It’s time for Cooperstown to throw open its doors.
Ten Who Don't
1) Richie Ashburn
Fer openers, Abby has to reveal that the lightning-fast Phillies outfielder was one of his heroes growing up, and that a real baseball thrill was meeting Signor Ashburn when Abby covered the Pirates and Ashburn was a Brotherly Love radio man.
That aside, yes, Richie Ashburn had a fine, even memorable career. Over fifteen seasons, 1948-62, he copped a pair of batting titles, finished second three times, batted over .300 nine times. But in an era of other National League centerfielders like Duke Snider and Willie Mays, this lifetime .308 hitter, with his solid 2,574 hits, just doesn't rate enshrinement.
Richie Ashburn was very, very good. Just not great.
2) Frank “Home Run” Baker
There's no accounting for luck—or a great nickname.
There were plenty of bright stars in turn-of-the-last-century baseball—when hitting and running was the game —but Frank Baker wasn't one of them. Playing thirteen years over 1908-22, the A’s third baseman tallied 96 career round-trippers. Good, impressive, even, but hardly great.
In ‘09, he walloped a whopping four taters. In '10 it was a tenuous two. Oh, he did hit .409 in that Fall Classic, propelling the Philadelphias over the Cubs in five games. But that's not why he's enshrined.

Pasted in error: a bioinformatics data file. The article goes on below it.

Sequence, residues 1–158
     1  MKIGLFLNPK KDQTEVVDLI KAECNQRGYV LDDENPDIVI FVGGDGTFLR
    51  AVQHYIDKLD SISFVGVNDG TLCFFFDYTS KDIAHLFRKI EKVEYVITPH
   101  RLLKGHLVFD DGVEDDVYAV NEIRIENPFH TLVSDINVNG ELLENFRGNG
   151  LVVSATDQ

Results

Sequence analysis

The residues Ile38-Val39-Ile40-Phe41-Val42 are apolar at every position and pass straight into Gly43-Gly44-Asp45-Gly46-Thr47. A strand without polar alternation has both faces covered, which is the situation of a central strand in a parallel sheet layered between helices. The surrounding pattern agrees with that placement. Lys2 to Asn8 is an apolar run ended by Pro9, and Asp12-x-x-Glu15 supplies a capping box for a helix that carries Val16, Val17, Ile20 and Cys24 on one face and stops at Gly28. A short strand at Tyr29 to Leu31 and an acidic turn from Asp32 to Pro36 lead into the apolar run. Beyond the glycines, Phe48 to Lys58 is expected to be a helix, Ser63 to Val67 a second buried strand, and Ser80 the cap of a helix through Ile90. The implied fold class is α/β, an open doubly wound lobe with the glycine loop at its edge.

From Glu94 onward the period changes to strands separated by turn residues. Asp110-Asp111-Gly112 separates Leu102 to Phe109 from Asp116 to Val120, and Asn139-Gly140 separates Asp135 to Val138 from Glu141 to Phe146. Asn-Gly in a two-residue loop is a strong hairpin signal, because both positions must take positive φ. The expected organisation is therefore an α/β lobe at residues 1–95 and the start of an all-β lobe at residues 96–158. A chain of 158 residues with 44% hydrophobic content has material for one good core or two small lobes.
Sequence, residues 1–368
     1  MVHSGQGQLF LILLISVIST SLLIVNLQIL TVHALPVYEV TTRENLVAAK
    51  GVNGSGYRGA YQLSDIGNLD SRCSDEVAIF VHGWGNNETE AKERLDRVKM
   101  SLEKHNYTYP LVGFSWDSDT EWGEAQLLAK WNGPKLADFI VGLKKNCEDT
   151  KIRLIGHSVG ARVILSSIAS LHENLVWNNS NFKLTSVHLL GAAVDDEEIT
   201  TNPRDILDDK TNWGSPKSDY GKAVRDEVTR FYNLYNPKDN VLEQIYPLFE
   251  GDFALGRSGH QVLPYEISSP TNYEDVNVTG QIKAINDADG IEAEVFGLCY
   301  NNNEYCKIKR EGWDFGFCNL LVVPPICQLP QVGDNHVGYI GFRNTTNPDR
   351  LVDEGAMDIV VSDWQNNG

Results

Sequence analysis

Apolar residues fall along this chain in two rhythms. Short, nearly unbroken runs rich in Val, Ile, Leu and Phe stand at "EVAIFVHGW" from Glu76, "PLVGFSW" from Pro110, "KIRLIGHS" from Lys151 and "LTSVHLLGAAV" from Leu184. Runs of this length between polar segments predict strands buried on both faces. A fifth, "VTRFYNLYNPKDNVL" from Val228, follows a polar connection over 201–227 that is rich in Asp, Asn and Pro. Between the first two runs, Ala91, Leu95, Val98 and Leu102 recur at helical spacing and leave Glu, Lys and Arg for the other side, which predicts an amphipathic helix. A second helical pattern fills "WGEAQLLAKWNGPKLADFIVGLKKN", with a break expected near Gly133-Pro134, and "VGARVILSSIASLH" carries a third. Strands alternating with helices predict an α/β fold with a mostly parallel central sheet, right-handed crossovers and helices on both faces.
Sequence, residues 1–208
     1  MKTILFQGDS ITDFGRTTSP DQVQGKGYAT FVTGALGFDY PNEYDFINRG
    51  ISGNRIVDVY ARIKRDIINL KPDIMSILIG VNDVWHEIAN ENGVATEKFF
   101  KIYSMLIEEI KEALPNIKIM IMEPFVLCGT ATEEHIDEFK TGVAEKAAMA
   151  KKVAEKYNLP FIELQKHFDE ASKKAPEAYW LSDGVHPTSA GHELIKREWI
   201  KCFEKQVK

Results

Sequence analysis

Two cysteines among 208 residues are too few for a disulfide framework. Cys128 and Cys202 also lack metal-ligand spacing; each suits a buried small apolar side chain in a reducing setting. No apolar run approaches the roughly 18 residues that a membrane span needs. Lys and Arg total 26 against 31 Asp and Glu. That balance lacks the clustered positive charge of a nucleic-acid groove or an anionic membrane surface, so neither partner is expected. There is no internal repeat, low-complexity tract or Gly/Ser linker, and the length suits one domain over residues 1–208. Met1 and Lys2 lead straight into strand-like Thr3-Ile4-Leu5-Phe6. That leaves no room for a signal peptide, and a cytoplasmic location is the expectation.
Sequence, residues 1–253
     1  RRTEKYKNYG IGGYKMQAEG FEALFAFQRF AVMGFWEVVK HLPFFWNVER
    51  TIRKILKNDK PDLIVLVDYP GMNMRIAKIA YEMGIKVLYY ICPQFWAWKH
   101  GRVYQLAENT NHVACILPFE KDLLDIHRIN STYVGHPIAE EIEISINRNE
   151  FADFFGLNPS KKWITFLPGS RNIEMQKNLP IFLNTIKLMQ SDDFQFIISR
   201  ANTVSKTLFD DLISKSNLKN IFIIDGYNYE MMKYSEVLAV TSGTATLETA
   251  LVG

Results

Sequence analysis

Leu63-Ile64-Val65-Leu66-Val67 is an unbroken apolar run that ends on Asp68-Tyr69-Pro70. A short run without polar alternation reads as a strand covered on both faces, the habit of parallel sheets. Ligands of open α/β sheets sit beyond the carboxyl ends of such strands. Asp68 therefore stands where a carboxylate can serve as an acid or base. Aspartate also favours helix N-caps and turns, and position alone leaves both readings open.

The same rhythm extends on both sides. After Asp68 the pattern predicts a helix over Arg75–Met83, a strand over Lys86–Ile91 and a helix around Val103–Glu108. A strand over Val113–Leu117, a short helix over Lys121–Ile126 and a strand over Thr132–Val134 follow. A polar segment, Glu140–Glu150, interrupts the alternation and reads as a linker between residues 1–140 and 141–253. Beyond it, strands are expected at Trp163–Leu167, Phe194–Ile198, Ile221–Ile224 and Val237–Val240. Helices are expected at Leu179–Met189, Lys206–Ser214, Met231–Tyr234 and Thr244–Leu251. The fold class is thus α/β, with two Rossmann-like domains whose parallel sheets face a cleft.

Credit due, Baker did indeed have a couple of solid smacks at the right time, hitting 11 in ’11. Then the moniker: in that World Series, he belted game-winning homers in Game 2 off Hall of Famer Rube Marquard and Game 3 off Hall of Famer Christy Mathewson.
Some unsung scribe tagged him “Home Run,” and it stuck.
Baker may have led the Junior Circuit in home runs the following two years, 1912-13, and played on another World Champ, but after that he petered out.
In his last years, as a Yankee, he averaged a nearly invisible eight home runs a season.
Just in time to see the ball itself change—and George Ruth ascend.
“Home Run” Baker was all moniker, no mashing. The Babe invented clout.
3) Jim Bunning
Maybe graduating to Congress, and being a fine father of nine, counts for something. But certainly not a berth in Cooperstown.